5/21/2013 10:42 P.M. ET
Miggy's HR extends BTS leader's streak to 44
By Zachary Finkelstein / MLB.com
Miguel Cabrera's go-ahead two-run homer in the sixth inning of Tuesday's game against the Indians certainly made many Tigers fans happy, but good luck locating anyone more excited than Sterling Heights, Mich., resident Aaron Brown, who took sole possession of the top spot on this season's Beat the Streak leaderboard when Cabrera's homer sailed over the center-field wall at Progressive Field.
"It feels pretty good to be alone at the top," Brown said. "I do want to take some time and say 'Thank you' to my family and friends who have been very supportive this past week during this streak. At times I think they're enjoying this more than I am."
Brown, 30, now has 44 straight successful selections during his run up the BTS ladder. If he can keep his streak alive for 13 more picks, he will win the grand prize of $5.6 million.
Cabrera arguably was the perfect pick for an evening such as this. For starters, he entered the game with a robust .387 batting average; no hitter was within 30 points of that mark.
If that wasn't enough of an argument, consider that Cabrera was able to face Cleveland starter Corey Kluber three times. Kluber -- who has a 5.19 ERA and 1.38 WHIP -- has allowed a hit to Cabrera five of the 12 times they have faced off in an official at-bat.
"I was relieved [when Cabrera recorded the streak-extending homer]," Brown said. "My original goal was to get to 44 and be in first by myself. I recall at some point last week watching the previous leader, Michael Ray, and thinking that he had a pretty good chance at winning the whole thing. I'm still pretty shocked and amazed to be sitting here tonight at 44."
Although Cabrera ultimately came through, there was a period of angst after he was retired in his first two at-bats.
"I was concerned that they might walk him with the base being open [during his third at-bat]," Brown said, "[but] he just missed his last pitch on his previous at-bat, so I thought if he was given anything close, he had a pretty good chance of hitting it."
Through Beat the Streak, participants try to establish a virtual "hitting streak" by picking one or two big leaguers per day, with their run continuing as long as their selections collect at least one hit in that game. Nobody has matched Joe DiMaggio's magic number of 56, set in 1941, but on average, three per season reach 40; the record of 49 was set in 2007. So far this year, only two contestants -- Brown and Ray -- have reached the 40-pick plateau. Ray made 43 straight correct picks before his streak came to a close.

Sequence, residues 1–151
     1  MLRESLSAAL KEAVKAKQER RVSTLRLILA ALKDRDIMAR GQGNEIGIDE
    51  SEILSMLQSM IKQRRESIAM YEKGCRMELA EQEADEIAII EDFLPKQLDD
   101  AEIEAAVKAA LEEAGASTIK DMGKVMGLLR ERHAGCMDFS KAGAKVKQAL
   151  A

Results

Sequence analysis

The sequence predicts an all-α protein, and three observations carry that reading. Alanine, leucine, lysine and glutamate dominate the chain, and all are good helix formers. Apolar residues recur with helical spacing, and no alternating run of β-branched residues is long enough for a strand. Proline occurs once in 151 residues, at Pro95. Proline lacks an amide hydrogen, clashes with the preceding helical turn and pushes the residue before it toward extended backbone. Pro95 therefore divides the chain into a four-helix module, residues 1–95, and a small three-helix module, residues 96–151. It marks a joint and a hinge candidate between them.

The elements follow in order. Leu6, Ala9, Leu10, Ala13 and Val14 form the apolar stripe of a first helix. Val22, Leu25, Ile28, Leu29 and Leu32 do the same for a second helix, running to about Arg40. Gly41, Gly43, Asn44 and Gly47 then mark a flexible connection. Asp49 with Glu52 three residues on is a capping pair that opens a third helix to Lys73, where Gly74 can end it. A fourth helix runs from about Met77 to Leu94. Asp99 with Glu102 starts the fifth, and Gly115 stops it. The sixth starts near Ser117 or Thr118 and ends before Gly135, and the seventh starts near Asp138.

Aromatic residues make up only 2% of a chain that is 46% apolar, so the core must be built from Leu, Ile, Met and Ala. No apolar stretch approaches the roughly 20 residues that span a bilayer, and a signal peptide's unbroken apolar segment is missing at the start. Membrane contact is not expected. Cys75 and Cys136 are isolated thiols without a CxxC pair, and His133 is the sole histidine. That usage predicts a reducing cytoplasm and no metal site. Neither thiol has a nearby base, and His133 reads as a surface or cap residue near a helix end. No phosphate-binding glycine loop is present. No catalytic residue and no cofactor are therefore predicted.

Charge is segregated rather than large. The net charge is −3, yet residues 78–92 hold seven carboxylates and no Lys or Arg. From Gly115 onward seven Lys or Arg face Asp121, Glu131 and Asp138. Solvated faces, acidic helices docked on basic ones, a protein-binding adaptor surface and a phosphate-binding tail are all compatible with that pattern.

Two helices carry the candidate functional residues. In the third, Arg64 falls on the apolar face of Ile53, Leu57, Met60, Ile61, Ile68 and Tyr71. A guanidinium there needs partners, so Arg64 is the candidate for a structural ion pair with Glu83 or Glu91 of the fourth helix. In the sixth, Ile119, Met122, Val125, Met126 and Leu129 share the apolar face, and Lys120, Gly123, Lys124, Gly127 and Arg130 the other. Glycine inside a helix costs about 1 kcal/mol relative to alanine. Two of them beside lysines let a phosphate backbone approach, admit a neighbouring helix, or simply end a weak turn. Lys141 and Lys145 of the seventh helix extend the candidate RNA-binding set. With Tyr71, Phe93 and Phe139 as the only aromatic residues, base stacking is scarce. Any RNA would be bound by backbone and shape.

If Brown can reach 57, he said, his only plan for the money would be paying off his student loans. But he's not getting that far ahead of himself just yet.
"I'm amazed that I'm sitting here at 43 straight and wouldn't be surprised if this ended before 57," he said after Monday night's game.
But so far his picks have been on point. He said he picked the Reds' Joey Votto on Monday because the slugger had good numbers against Mets starter Shaun Marcum, and on Sunday he went against his preference to avoid picking Boston or New York players by going with Red Sox second baseman Dustin Pedroia.
In making 44 straight successful picks, Brown has called on a player from his hometown team 59 percent of the time. Cabrera has made the biggest contributions, collecting streak-continuing knocks 19 times. Prince Fielder has left his mark as well, keeping Brown alive on six occasions. Torii Hunter has also chipped in, coming through during his one and only opportunity to assist.
As an interesting historic side note, the longest single-season hitting streaks in National League history were put up by the Reds' Pete Rose (1978) and the Orioles' Willie Keeler (1897), who each tallied a hit in 44 straight contests during their respective campaigns.
Fans interested in joining the fun can do so for free, and participating takes only seconds a day. Not a bad deal considering the millions of reasons to play.
Zachary Finkelstein is a fantasy editor for MLB.com. This story was not subject to the approval of Major League Baseball or its clubs.